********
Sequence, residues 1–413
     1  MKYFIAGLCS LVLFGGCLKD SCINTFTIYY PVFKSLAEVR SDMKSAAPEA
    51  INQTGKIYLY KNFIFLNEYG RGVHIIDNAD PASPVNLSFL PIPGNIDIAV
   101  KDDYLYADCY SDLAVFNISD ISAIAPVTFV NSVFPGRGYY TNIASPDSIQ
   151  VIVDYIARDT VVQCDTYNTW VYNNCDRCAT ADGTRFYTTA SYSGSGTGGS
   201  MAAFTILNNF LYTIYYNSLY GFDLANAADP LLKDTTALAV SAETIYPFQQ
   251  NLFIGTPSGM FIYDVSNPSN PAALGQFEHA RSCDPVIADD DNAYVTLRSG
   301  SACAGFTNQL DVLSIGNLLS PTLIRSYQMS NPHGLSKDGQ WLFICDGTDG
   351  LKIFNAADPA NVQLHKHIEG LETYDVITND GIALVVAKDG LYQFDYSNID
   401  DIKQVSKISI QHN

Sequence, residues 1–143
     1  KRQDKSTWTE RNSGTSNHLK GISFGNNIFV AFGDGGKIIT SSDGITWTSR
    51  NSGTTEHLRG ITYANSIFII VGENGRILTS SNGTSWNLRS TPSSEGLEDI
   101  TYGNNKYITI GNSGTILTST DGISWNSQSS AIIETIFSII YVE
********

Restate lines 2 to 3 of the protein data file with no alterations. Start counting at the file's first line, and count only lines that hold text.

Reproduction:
     1  MKYFIAGLCS LVLFGGCLKD SCINTFTIYY PVFKSLAEVR SDMKSAAPEA
    51  INQTGKIYLY KNFIFLNEYG RGVHIIDNAD PASPVNLSFL PIPGNIDIAV